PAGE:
learned that he had been giving people misleading messages. He had been agreeing with Peter
when he should have been disagreeing.

Ian worked on his self confidence and assertiveness. He started to communicate more clearly
with people. There were upsides and downsides to this change. His relationship with his boss
improved. His boss started to see that Ian had initiative and that he was better at handling staff.
Ian got his promotion.

Ian and Peter were able to get their friendship back on track. Ian learned to me more direct with
Peter, and Peter learned to be more sensitive and empathic in how he spoke to Ian.

The downside was with regard to Ian’s relationships with his mother. Ian’s mother was used to
telling Ian what to do. No one stood up to her. When Ian stood up to his Mum, world war three
broke out.

Ian had enough courage to stick to stand up to his Mum’s aggression and anger. It was very
difficult, but over a long period of time things started to improve and a new pecking order was
established.




                                                11
Chapter 6. Grandiose
    entitlement




         12
“Grandiose entitlement”
November 2010

Mary was 28 years old. She had one older sister, Julie who lived in dread of Mary phoning her.
Mary only rang when she wanted something. Mary was very charming as long as she got what
she wanted. If she didn’t get what she wanted there was a price for Julie to pay.

Mary had “Grandiose Entitlement” (GE). This meant that she expected more from life than she
was entitled to. Mary had her parents well-trained. Mary lived rent-free in a modern unit owned
by her parents. Mary didn’t see anything wrong with this. In her mind, her parents owed her this.
By contrast, Julie worked hard for everything that she got. Julie resented Mary freeloading off
their parents.

It was Julie that came to see me to get help in dealing with Mary. She had tried talking to her
parents, but they were just blindly defensive of Mary. I began by helping Julie to understand the
origins of this condition. Mary was indulged by her parents as a child. If she didn’t get what she
wanted she would throw a tantrum, and eventually her parents would give in.

People with GE are basically very self oriented and they are not sensitive to other people’s
needs. However, they can also be very clever in how they manipulate other people. Mary
manipulated with a combination of charm and intimidation. If the charm didn’t work to get what
she wanted then she would either get angry or withdraw affection.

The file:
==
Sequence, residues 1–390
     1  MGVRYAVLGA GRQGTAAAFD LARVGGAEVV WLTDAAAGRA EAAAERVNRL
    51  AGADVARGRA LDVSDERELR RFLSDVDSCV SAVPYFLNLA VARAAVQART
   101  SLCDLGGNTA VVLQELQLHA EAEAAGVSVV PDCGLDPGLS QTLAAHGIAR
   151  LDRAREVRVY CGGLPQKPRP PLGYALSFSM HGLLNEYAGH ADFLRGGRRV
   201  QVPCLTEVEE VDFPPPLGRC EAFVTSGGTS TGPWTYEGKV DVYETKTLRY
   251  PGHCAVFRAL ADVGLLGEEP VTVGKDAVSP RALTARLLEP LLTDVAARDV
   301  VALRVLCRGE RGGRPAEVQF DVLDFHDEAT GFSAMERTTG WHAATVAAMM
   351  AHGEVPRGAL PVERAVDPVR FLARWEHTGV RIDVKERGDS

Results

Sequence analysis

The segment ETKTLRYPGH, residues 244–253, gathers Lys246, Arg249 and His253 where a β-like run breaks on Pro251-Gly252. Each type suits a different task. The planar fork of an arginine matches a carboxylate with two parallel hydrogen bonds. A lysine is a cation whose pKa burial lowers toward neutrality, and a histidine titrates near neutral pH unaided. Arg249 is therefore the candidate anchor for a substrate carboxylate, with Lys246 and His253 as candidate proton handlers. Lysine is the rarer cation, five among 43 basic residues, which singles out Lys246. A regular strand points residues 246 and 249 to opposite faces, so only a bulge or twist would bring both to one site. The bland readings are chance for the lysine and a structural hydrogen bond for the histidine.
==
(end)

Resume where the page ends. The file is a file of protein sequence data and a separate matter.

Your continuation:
The people with GE are immature and have poor self-esteem. They do not have a healthy
sense of where they fit into the world.

The work that I did with Julie was to help her to stand up for herself. In the past, if she said no to
Mary’s demands, she would feel guilty and responsible. She would feel sorry for Mary. Usually
Julie would give Mary what she wanted just to keep the peace.

Julie began to understand that Mary was coming from a damaged position, and when Julie gave
into Mary, it didn’t help Mary. Julie was able to reduce her guilt. She was also able to
understand that she was not responsible for Mary’s life. Mary could get help to sort her life out if
she chose to.

This was incredibly liberating for Julie. She became clearer with her boundaries. There was an
adjustment period of several months between the two sisters. But after that, things settled down
and Julie felt much clearer when she had to say no to Mary.




                                                 13
Chapter 7. Self image




          14
“Keeping up appearances”
October 2010

What a trap Bernice was in. Do you remember the show on ABC TV some years ago called
“Keeping up appearances”? The main character was Hyacinth Bucket. Hyacinth had to impress
people with her social status. Her identity and self worth was fully defined by her social status.

So it was with Bernice. She had a large house in Chapel Hill with beautiful original art works
hanging in prominent places. Her large swimming pool blended into the landscape gardens.
Everything was immaculate. Her appearance was immaculate. Her husband, Alan, was a
company director and earned squillions. Their two boys went to Brisbane Grammar School.

They had many social friends and they entertained often. Only people of high social status were